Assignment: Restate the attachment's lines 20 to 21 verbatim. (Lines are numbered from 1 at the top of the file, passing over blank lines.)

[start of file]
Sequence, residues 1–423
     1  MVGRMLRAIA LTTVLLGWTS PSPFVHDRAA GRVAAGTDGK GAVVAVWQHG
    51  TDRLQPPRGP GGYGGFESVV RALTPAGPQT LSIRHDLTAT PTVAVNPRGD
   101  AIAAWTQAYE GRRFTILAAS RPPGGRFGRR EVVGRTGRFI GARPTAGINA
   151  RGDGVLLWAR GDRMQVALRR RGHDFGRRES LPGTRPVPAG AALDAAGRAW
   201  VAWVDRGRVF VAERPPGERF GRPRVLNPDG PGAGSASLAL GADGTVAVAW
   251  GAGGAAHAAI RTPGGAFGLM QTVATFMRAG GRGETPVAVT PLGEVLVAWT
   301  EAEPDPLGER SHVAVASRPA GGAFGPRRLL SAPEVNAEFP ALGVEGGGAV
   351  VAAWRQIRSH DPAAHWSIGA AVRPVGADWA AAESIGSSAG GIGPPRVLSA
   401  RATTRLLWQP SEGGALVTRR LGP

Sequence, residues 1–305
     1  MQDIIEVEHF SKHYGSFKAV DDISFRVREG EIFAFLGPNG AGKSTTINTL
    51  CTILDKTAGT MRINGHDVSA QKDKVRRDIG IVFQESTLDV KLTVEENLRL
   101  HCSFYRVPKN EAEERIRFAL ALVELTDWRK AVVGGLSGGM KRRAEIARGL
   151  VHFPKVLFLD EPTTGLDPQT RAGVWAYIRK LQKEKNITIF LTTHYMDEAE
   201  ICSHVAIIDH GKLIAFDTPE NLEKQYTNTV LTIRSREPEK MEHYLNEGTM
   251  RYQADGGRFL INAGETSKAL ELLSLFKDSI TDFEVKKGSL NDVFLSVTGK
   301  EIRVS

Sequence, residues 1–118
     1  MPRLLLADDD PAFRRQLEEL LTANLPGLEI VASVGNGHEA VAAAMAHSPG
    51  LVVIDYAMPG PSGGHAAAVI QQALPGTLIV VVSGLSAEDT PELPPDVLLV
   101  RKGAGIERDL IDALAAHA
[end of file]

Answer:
     1  MPRLLLADDD PAFRRQLEEL LTANLPGLEI VASVGNGHEA VAAAMAHSPG
    51  LVVIDYAMPG PSGGHAAAVI QQALPGTLIV VVSGLSAEDT PELPPDVLLV